Sunday, August 19, 2012
I am asked often if I am proud to be an American. For years I, like many, would answer with a sharp certainty that I was indeed very proud to be an American. I suppose that's customary, provides a sense of belonging, defends us against some type of social or moral attack...or perhaps it's a trained response that we're just not thinking through when it's evoked. It would probably bring the exact same response no matter my heritage as long as I were asked if I was proud of it. One could ask as easily if I'm proud to be white, straight, middle-aged or even human and the question would make as much sense as the 'American' one. I was born in America. I am neither proud nor ashamed of that. If I were...I should add to it that anyone from any other place than America should feel some sort of shame, greif or inequality as a result of being born on that 'other' piece of ground. I am proud of a certain number of human beings for their actions or beliefs and some of them have been Americans. Many were not. America didn't exist when many of them were alive. The things which they have accomplished, overcome or put forth effort for are the elements of their being that cause that sensation that we frequently call pride. I don't mean pride in the sense of a fondness of our own excellence as it is frequently defined but the kind of pride we feel in our attachment to an excellence displayed by someone else which he hold in high regard. A welling up of proud feelings like that of a parent upon a childs acheivements I believe has no place in our fondness for circumstances that pre-empt our own existence or situations that arise without our consent to which we are exposed. What has anyone done to earn a sense of pride in an inherited wealth or an inherited body trait. By all these definitions pride becomes biggotry and we take pride in things that other people do not have for that reason alone. Perhaps it's more of a greed. I have been proud of many things I've accomplished and many things that happened by no result of my own efforts. I won't make that mistake again. If I'm going to pat myself on the back for anything it won't be where my mother gave birth to me. I'll go out and try to do something worth feeling good about. If by chance someone ever feels a sense of pride over their fondness for my efforts they may accidentally confuse it with a fondness for America...but make no mistake, I'm just another human who was born somewhere and lived until I died and did things that made my mother proud and other things that she pretended she never knew. Your life is the same, no matter how hard you try to find comfort in your preselected, superior genes. Your superior jeans. We're the same, you and I. Your mother is proud of you and she's not telling people about the ugly things you've done (or so we hope). jefferson fox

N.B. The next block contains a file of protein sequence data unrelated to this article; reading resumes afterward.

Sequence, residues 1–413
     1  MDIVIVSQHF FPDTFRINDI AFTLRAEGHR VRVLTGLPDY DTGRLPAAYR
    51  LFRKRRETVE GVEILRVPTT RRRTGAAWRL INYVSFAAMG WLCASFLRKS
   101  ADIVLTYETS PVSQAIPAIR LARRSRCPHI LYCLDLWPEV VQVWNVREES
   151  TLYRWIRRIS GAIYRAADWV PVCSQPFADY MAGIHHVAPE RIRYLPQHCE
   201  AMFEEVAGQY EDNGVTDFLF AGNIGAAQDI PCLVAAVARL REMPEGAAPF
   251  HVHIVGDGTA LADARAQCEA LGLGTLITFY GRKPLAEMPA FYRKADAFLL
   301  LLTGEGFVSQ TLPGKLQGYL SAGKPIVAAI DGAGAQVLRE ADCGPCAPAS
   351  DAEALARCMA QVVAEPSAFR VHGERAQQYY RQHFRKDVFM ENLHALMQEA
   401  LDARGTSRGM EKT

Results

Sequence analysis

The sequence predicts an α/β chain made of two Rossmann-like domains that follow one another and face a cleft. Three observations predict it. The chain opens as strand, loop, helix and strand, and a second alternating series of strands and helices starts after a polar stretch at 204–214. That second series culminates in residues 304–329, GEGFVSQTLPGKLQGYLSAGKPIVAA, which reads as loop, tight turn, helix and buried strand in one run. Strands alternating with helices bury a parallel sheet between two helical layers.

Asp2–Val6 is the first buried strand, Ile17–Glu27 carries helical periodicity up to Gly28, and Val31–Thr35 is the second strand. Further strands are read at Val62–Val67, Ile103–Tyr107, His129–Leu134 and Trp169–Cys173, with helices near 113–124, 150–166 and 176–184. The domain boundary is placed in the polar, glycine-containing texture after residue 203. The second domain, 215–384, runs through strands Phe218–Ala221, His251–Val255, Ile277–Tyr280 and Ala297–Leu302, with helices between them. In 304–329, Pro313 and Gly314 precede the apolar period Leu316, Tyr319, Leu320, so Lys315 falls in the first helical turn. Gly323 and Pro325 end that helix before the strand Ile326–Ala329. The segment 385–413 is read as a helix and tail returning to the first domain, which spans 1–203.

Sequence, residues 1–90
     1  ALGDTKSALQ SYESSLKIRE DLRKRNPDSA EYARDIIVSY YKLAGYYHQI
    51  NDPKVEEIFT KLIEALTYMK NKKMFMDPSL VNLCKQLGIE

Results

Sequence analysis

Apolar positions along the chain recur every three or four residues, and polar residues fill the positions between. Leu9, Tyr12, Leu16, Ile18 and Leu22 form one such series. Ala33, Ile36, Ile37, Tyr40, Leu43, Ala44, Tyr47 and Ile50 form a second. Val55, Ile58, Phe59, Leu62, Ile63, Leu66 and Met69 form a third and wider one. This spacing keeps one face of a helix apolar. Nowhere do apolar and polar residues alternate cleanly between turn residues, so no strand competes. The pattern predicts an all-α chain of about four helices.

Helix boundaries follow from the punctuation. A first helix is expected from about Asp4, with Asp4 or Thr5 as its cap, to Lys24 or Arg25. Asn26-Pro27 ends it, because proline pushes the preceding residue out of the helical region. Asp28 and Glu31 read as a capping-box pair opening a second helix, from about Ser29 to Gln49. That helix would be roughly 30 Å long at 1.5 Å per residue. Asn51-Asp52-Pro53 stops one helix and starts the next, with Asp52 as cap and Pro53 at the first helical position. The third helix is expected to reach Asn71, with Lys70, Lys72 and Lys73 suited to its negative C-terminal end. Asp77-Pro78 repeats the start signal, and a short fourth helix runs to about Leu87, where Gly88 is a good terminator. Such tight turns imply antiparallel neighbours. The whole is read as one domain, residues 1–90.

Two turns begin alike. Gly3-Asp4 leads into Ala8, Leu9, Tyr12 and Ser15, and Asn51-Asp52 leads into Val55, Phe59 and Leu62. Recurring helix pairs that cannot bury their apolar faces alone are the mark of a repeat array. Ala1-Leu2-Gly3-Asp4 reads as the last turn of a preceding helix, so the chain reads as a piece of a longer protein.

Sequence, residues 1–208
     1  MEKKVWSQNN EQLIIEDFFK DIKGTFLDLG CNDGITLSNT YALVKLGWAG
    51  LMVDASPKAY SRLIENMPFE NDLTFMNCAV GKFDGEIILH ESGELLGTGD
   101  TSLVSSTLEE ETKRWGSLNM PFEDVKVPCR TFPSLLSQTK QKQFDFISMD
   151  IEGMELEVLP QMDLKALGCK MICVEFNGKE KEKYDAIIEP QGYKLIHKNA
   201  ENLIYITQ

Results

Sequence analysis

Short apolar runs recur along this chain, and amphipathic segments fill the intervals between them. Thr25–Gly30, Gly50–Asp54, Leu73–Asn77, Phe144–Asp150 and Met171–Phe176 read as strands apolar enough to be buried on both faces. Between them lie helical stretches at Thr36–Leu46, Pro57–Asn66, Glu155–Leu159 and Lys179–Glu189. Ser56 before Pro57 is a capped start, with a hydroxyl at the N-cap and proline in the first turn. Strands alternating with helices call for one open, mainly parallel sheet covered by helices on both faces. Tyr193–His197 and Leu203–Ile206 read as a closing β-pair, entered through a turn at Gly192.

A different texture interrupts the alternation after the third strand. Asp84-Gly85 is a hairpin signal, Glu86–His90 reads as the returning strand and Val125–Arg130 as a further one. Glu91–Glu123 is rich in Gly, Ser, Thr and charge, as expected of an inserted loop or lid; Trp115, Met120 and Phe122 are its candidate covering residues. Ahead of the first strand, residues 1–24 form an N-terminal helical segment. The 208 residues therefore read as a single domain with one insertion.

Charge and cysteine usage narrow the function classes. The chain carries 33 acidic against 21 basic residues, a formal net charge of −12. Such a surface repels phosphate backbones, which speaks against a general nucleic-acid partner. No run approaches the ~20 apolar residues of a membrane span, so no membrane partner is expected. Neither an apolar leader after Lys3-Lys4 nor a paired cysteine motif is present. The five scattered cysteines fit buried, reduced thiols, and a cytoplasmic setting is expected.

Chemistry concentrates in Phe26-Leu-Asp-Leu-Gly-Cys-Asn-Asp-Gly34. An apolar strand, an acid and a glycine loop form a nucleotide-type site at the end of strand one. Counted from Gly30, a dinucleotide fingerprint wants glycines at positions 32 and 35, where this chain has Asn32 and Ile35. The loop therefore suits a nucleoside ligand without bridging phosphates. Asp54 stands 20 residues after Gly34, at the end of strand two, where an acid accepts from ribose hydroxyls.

Monday, April 23, 2012
So I'm in the grocery store last night picking up 2 items for my father...bacon and hearing-aid batteries (#10, 12 pack, the good brand). I get to the checkout and in an effort to be efficient I got my debit card out before the 20-something year old brunette even swiped the first item. I'm wearing my black t-shirt under a retro long-sleeve with snaps, a ball cap and a 'friendship bracelet' made by Zoe (my 6 year old). I think I look very 'mod'. As the 20-something begins to bag the bacon I honed in on the card swiper and analyzed it for my own accuracy when processing this payment. I followed the instructions and swiped...at exactly the moment when (let's call her) Susan made a comment to me about her bagging intentions for the batteries. Now, I followed most of what she said about the secondary, small bag being in the larger bag but I thought maybe there was more to it than I realized and again, my brain was working on my finances at the swiper so some of what she said got lost in the translation and although I'm sure I didn't care...before I could stop myself I said "what?". I said... "what?" 20-something Susan, being of great deductive skills quickly adapted to the situation she found herself in, did a high-speed scan of my grey hair and weathered face, held up the bag of batteries and she raised her voice level from the 3-4 it had been at to an 8 or 9... and she used her very best enunciation when she declared: "I'M PUTTING THE BATTERIES IN THIS LITTLE BAG!" She shook the bag a little too, to help me understand better and in case my eyesight could also be failing. I got the message..